Eminent Domain — Who’s Next?“The Supreme Court ruled yesterday that local governments may force property owners to sell out and make way for private economic development when officials decide it would benefit the public, even if the property is not blighted and the new project's success is not guaranteed.” The quote is from Washington Post Staff Writer, Charles Lane, dated Friday, June 24, 2005. I remember when this ruling was announced, talk radio, editorials, letters to the editors and other forms of public media were full of anger, outrage and flat out disbelief that this could happen in our United States. However, with the passage of time, the outrage died down, other news items captured our attention and the discussion, if not the discord, faded away. Then, like a bolt of lightning, it hit home. Yesterday, while in downtown Scranton, I visited Buona Pizza and spoke with Giovanni Piccolino. He explained to me the city intends to use "eminent domain" to take his family's business and turn it over to a developer. The explanation, as I understand, is that improvement of the downtown hinges upon taking the Buona Pizza building from its current owner. Growing up, I was taught "eminent domain" was to be used for public works that would benefit, will benefit, the entire public. Thanks to last year's Supreme Court ruling it is apparent that now — the public good includes the right for a City or State government to seize your property then, in the hopes of increasing tax revenue, turn it over to a private developer. Aside from being wholeheartedly opposed to the Supreme Court decision, I wonder what is going on with Scranton’s leadership. There is no question that the revitalization of downtown districts should be encouraged. Instead of strong-arming business owners, finances should be either lent or granted to those willing to take the risk to develop our commercial centers. Additionally, what kind of leadership opts to oust a successful member of the downtown community? One who set up shop forty years ago and stuck it out through the good times, bad times and sometimes downright horrible times. Not only has this business persevered all these years, Buona Pizza managed to thrive and succeed in a downtown where others failed. It is my opinion that a true visionary, a genuine leader should reward loyalty and, in any grand downtown revitalization, in a positive manner exploit a landmark, legacy business. I think it is safe to say that the Piccolino family has earned this status. What will happen to the downtown if this new venture, by replacing a successful business, fails? Who will be held responsible? Who will replace the tax money Buona Pizza was generating? There are many questions. It is especially reasonable to question the wisdom of trying to remove an established, successful business for what may turn out to be a grandiose flight of fancy. Whatever the answers may be, we must protect this family's right to maintain ownership of their property. Justice O' Connor wrote in her dissenting opinion, "the specter of condemnation hangs over all property. Nothing is to prevent the State from replacing any Motel 6 with a Ritz-Carlton, any home with a shopping mall, or any farm with a factory." Her words now ring true to Buona Pizza, the Piccolino Family, the citizens of Scranton and all residents of Northeast Pennsylvania. Today we must make a stand, because if the City takes this one family's property there will only be one question left — who is next? If you send me to Washington, D.C. I will proudly sponsor or cosponsor legislation to ensure that the Piccolino family’s experience will not become your family's experience. Joseph F. Leonardi, D.C.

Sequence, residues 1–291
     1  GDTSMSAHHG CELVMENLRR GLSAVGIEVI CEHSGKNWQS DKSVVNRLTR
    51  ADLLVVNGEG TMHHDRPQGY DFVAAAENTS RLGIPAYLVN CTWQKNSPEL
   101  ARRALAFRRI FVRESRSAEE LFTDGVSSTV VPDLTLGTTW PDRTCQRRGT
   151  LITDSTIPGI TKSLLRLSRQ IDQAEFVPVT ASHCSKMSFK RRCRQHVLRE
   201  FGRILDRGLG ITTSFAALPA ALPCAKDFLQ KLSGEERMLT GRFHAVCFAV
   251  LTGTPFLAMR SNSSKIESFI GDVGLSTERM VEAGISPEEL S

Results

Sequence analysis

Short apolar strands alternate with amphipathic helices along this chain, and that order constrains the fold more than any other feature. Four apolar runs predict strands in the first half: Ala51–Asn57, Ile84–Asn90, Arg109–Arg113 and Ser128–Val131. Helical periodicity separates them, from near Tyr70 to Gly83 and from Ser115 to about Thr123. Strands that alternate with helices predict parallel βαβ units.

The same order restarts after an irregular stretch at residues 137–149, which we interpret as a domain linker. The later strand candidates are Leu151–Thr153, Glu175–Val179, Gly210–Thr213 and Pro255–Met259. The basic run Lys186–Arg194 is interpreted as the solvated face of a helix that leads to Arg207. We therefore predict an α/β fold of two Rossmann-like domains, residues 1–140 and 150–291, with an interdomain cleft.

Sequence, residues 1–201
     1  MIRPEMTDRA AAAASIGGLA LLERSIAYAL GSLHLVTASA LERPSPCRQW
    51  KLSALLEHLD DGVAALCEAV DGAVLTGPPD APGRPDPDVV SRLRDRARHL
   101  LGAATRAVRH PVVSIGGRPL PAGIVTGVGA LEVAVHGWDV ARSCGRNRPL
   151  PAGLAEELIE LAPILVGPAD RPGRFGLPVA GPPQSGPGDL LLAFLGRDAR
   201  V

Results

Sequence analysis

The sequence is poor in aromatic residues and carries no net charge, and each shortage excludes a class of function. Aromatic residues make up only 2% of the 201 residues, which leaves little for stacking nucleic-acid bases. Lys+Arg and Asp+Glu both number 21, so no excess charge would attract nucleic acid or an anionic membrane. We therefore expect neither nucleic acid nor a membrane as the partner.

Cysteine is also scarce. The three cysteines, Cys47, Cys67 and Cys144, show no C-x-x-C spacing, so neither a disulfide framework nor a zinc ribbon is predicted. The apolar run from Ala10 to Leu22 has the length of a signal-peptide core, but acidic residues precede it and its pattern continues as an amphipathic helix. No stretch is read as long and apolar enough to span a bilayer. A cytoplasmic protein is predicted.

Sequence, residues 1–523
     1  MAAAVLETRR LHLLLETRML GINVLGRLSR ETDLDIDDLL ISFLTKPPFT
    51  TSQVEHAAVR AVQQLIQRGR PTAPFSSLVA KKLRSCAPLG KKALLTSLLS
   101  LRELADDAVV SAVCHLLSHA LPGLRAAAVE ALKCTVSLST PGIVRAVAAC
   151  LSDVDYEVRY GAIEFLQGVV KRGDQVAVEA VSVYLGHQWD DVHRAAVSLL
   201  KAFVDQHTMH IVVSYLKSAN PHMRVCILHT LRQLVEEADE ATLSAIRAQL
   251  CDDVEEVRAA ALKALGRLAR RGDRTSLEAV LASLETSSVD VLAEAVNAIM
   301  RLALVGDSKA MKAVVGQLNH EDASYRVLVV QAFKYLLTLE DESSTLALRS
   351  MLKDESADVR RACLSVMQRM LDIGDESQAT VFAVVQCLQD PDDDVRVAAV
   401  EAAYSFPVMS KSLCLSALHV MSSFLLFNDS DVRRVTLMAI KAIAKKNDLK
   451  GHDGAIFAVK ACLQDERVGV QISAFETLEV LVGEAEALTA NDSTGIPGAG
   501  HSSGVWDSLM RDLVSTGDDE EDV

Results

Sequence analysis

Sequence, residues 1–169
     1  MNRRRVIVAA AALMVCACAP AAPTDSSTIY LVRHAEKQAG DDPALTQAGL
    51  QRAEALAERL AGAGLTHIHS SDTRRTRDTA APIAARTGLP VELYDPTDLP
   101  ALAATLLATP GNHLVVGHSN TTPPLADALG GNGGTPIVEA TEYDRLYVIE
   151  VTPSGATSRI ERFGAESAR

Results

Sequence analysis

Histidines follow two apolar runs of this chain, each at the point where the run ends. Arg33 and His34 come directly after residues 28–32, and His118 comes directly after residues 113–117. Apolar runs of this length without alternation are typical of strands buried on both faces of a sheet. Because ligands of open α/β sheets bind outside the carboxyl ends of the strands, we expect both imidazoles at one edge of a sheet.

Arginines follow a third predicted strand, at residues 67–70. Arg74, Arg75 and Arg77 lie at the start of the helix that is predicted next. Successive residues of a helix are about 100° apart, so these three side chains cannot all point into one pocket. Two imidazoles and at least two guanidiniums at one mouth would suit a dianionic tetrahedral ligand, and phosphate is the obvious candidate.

Leonardi was very impressive on L.A. Tarone’s program on WLYN. His common sense approach and articulation to his opposition to the inflatable dam project has many local voters talking. (Leonardi is pictured with former Governor Ridge at the top of this edition.)